The Roaring River is a marvelous wonder hidden deep in the Westmoreland cane country. The river is a subterranean channel that runs for miles underground before appearing, almost miraculously, at a spot near Petersfield. Lush green vegetation abounds, and water lilies glide gently along the water's surface, destined for nowhere in particular. Just beyond the emergence point of the river, almost carved into the cliff, is the mouth of the Roaring River Cave, a series of subterranean limestone caverns with a small mineral spring inside. Visitors cannot enter the caves without the guidance of a member of the Roaring River Citizens Association, a local community group that maintains the attraction through the contributions for organized tours.


In Petersfield or Galloway, neighboring communities in the Parish of Westmoreland, the program partners with Amizade for a Fair Trade Learning Program in Jamaica. Amizade has been designing fair-trade learning programs in 16 communities for 25 years. Each year they collaborate with around 90 universities, high schools, and community groups all over the world to create life-changing service and learning experiences. In in the sugar producing area of Petersfield, Amizade collaborates with a local partner, the Petersfield Galloway Benevolent Society (PGBS). Through this long-standing partnership, programs focus on cultural immersion, social action, and community-based learning. Amizade participants are uniquely embedded into Jamaican culture through homestays and a wide variety of community engagement activities in Petersfield or Galloway. Students will meet with local community and professional leaders; serve on projects developed by and implemented with PGBS members; and explore the country and culture through field trips, local presenters and community events.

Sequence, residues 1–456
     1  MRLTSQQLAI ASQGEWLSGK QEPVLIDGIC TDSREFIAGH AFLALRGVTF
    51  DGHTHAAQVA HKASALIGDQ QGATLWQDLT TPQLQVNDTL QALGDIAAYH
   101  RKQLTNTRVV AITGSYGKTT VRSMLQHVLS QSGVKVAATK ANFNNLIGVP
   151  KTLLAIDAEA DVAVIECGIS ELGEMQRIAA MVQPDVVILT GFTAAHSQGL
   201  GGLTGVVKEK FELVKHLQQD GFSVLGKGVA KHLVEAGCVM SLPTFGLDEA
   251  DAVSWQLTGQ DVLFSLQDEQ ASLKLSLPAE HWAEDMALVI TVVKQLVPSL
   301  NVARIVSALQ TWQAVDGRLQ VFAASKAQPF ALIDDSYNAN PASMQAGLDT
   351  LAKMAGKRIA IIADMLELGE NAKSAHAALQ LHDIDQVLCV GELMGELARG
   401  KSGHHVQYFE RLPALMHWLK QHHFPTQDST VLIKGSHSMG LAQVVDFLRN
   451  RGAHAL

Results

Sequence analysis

Accompong, St. Elizabeth Parish

Accompong is a historical Maroon village located in the hills of St. Elizabeth Parish on the island of Jamaica. It is located in Cockpit Country, where Jamaican Maroons and indigenous Taíno established a fortified stronghold in the hilly terrain in the 17th century. They defended it and maintained independence from the Spanish and then later against British forces, after the colony changed hands. The people named their community Accompong after an early African Maroon leader. After years of raiding and warfare, they established their autonomy with certain rights for limited self-government by a peace treaty with the British in 1739.[1] Since independence in 1962, the government of Jamaica has continued to recognize the indigenous rights of the Jamaican Maroons in this area. Accompong is a very small community of just a few hundred people, and is considerably more rural than Petersfield and Galloway, which are small towns. 


Housing and meals

In Yallahs, participants are lodged in two connected facilities, a beachfront villa and a smaller guest house. All rooms have private bathrooms and accommodate 2 to 5 students each. The villa also serves as general gathering site and site for classroom activities. Breakfast and dinner are served at the villa on days when students are in residence. Students are responsible for their own lunch and snacks, as well as all meals on “away” trips.

In Petersfield/Galloway, participants will live in homestays, usually in groups of two per home. Students will have breakfast and dinner with their host families and bagged lunches will be provided.

In Accompong, students will live in shared apartments and two house mothers from the Benevolent Society will spend the week in Accompong with the group and will help with food preparation and program coordination.